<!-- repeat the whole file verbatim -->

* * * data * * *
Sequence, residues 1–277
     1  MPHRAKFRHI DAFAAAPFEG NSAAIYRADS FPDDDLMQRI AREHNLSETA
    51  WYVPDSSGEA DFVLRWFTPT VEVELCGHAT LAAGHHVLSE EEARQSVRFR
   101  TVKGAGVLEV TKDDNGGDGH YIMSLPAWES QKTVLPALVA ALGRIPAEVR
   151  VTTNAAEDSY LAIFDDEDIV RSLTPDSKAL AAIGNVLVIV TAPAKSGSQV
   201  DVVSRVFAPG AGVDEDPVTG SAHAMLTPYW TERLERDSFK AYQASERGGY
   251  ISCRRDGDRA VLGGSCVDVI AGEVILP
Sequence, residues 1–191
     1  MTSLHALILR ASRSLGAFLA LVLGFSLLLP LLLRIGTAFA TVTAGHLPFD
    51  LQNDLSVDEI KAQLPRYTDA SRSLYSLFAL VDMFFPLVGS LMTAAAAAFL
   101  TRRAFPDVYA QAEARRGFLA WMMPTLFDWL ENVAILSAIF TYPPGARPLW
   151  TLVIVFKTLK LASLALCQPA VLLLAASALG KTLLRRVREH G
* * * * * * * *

Sequence, residues 1–277
     1  MPHRAKFRHI DAFAAAPFEG NSAAIYRADS FPDDDLMQRI AREHNLSETA
    51  WYVPDSSGEA DFVLRWFTPT VEVELCGHAT LAAGHHVLSE EEARQSVRFR
   101  TVKGAGVLEV TKDDNGGDGH YIMSLPAWES QKTVLPALVA ALGRIPAEVR
   151  VTTNAAEDSY LAIFDDEDIV RSLTPDSKAL AAIGNVLVIV TAPAKSGSQV
   201  DVVSRVFAPG AGVDEDPVTG SAHAMLTPYW TERLERDSFK AYQASERGGY
   251  ISCRRDGDRA VLGGSCVDVI AGEVILP
Sequence, residues 1–191
     1  MTSLHALILR ASRSLGAFLA LVLGFSLLLP LLLRIGTAFA TVTAGHLPFD
    51  LQNDLSVDEI KAQLPRYTDA SRSLYSLFAL VDMFFPLVGS LMTAAAAAFL
   101  TRRAFPDVYA QAEARRGFLA WMMPTLFDWL ENVAILSAIF TYPPGARPLW
   151  TLVIVFKTLK LASLALCQPA VLLLAASALG KTLLRRVREH G